If you are unhappy, by all means leave, but to knowingly/intentionally? do harm to (screw over) your current employer, is really not a good thing to do.

"To explain more, he probably would have stayed there for the rest of his life if I hadn't been the one to encourage him to start looking."

This seems quite disrespectful and condescending to your co-worker. You apparently value his talent, but consider him too inept to be able to make his own life choices.

You will most likely find the company will survive just fine without you. Employees who consider themselves indispensable to a company, often are really more of a liability.

As someone once said, if you put your hand into a bucket of water, and then remove it, does it leave a hole?

  • I agree it was very unprofessional of me. As far as our contributions to the firm, since it is a small firm, and the wages the firm can afford to give are so low given the area only people who were/are genuinely interested in the industry and believe in the eventual success of the firm would agree to work there. I'm not trying to overstate or brag our impact on the firm, but as of right now there really is no one available in the firm to fulfill our roles, and the 3 new hires (~3-4mo on the job) that both of us have been training have not the ability to step in. Feb 13 '19 at 12:43

It's both unethical and unprofessional to do this. You have an obligation to do your best for the people who pay you, not undermine them in secret.

  • To say that you should not undermine them in secret would infer that the OP has some malicious intent, which I don't get from this question. There's no malicious intent evident in the question.
    – joeqwerty
    Feb 13 '19 at 4:12
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    @joeqwerty I'm not agreeing or disagreeing with this, but I don't think that that's the point of the answer. The point is, even if it's not malicious, it still has the effect of undermining them while he's being paid to act in the company's best interest. Feb 13 '19 at 5:32
  • 1
    @joeqwerty "knowing that if we both leave we are essentially screwing over our current employer". To knowingly engage in conduct which will screw over their current employer seems slightly malicious to me. Feb 13 '19 at 7:51
  • I understand where you're coming from. I agree it's unprofessional; however I do not feel as if I am actively undermining the firm. True, if we both leave, they will suffer, the wages they can afford they can't get good talent (people like us who are genuinely interested in the industry are very few in our area); but since I knew I was going to leave I've been creating detailed documentation for all the new processes I've personally pushed to implement as well as complete documentation on any code/project I've worked on. I bear no ill will to my employers, I'm sorry I came across as malicious. Feb 13 '19 at 12:49
  • You bear no ill will yet you are actively encouraging a colleague to leave?.... you can rationalise it however makes you feel justified I guess. Lot's of people do as you can see from the other answers. I take an uncompromising stance on ethics and professionalism as a career choice which has stood me in good stead so far. But it's not the only career strategy. Perhaps not even the best.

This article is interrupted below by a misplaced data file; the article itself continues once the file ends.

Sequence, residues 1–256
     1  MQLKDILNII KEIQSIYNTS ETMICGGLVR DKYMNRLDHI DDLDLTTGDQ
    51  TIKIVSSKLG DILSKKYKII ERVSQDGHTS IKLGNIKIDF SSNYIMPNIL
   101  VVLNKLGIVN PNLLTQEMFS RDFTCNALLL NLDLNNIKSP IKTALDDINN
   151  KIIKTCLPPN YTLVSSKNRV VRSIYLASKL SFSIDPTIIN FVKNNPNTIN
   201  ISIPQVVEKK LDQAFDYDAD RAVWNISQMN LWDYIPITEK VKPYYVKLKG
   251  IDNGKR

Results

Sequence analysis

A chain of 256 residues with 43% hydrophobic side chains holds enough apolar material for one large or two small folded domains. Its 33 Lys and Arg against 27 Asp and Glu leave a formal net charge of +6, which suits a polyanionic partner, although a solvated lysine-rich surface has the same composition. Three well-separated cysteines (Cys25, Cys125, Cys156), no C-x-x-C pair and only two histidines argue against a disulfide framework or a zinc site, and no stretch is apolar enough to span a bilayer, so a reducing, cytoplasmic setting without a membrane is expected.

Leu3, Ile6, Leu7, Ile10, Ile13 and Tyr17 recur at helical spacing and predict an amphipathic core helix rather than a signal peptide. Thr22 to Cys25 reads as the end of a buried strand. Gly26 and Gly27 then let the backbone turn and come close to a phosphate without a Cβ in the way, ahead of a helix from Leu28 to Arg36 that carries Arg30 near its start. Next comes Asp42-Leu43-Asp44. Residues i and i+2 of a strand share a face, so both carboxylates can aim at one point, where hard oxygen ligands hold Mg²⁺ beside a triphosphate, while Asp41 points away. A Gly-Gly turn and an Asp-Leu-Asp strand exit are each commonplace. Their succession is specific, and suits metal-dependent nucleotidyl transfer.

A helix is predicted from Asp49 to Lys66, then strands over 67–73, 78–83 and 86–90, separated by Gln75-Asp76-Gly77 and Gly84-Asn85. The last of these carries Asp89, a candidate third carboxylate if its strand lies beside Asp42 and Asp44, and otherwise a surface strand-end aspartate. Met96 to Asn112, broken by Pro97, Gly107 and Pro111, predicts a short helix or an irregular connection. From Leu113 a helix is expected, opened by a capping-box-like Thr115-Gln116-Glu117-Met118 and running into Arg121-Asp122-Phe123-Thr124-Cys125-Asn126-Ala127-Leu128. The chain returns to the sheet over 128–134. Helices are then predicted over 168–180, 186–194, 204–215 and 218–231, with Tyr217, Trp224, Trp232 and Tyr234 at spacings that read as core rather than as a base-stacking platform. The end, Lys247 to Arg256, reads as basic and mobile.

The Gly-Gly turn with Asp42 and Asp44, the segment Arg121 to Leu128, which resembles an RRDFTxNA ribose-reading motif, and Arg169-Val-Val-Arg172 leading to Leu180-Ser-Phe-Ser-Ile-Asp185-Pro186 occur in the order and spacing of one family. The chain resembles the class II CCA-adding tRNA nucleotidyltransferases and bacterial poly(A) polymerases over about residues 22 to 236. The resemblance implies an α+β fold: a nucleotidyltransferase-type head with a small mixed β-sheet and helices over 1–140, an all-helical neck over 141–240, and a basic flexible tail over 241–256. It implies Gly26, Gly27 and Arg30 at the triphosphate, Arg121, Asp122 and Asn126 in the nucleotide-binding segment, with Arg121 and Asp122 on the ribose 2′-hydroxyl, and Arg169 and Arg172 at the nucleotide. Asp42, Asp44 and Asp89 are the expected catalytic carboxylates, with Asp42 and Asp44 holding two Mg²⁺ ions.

– Kilisi
    Feb 13 '19 at 12:54

It would be highly unethical for both of you to leave at once. If you're truly that valuable, you would effectively be colluding to damage the company, so don't do it.

Realistically though, you don't have have to. Once you've handed your notice in, your colleague becomes incredibly valuable to them and they'll bend over backwards to retain him for at least as long as it takes to recruit and train up replacements for the two of you. They might even make you a counter offer if they're worried he's going to go too.

Or at least that's what they should be doing. If they continue to treat him like a piece of furniture, he's under no more obligation to stick around than you are. They can, after all, expect no more professionalism from the two of you than they're willing to show themselves.

Edit: Just to be clear to the downvoters and commenters, I'm not talking about the legalities. Both employees can indeed hand their notice in at once and walk away afterwards, stiffing the company, if they so choose. Rather, I'm treating this as an ethical decision. The original poster has expressed clear reservations about both employees going at once, so I'm suggesting a way that both him and his colleague can ultimately leave whilst also giving their employer a fair chance to recruit replacements in exchange for appropriate sweeteners.

Sometimes it's worth trying to do what you feel is the right thing because you may regret the consequences of your actions if you don't. Obviously if it doesn't feel like the right thing though, don't do it.

On a purely practical level, it's best to try to avoid burning bridges where you can, as you never know who's going to talk to future employers or whether you're going to have to go back to them for a reference in case your new job doesn't work out. If the difference is just going to be one of you hanging around long enough to do a proper hangover, it'd have to be a pretty awful workplace not to be worth it.

  • 2
    Why would it be unethical? They aren't plotting to sabotage the company, they aren't moving to a competitor. They are unhappy employees moving to different jobs.
    – DaveG
    Feb 13 '19 at 3:16
  • @DaveG "If we both leave at the same time or near each other the firm will suffer greatly, there is no maybe or doubt" seems pretty unambiguous to me. Staggering the departures sufficiently should be enough to take that element out of it though. Feb 13 '19 at 3:21
  • 1
    If they collude to leave at the same time for the sole purpose of causing damage to the company then that would probably be deemed unethical. The question as asked, doesn't support that conclusion.
    – joeqwerty
    Feb 13 '19 at 4:09
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    Wrong. Retention is the the responsibility of the company not the employees. Its only unethical if it's specifically done to harm the company. Every employee has the moral right to do better for themselves.
    – Hilmar
    Feb 13 '19 at 6:25
  • Sure, retention is the company's problem and they're going to have to be prepared to deal with multiple employees leaving at the same time on occasion. However, making counter offers and retention bonuses are valid ways of doing that and you should at least consider them if offered. Like I said though, if they continue to treat you badly you can quit with a clear conscience. Feb 13 '19 at 6:34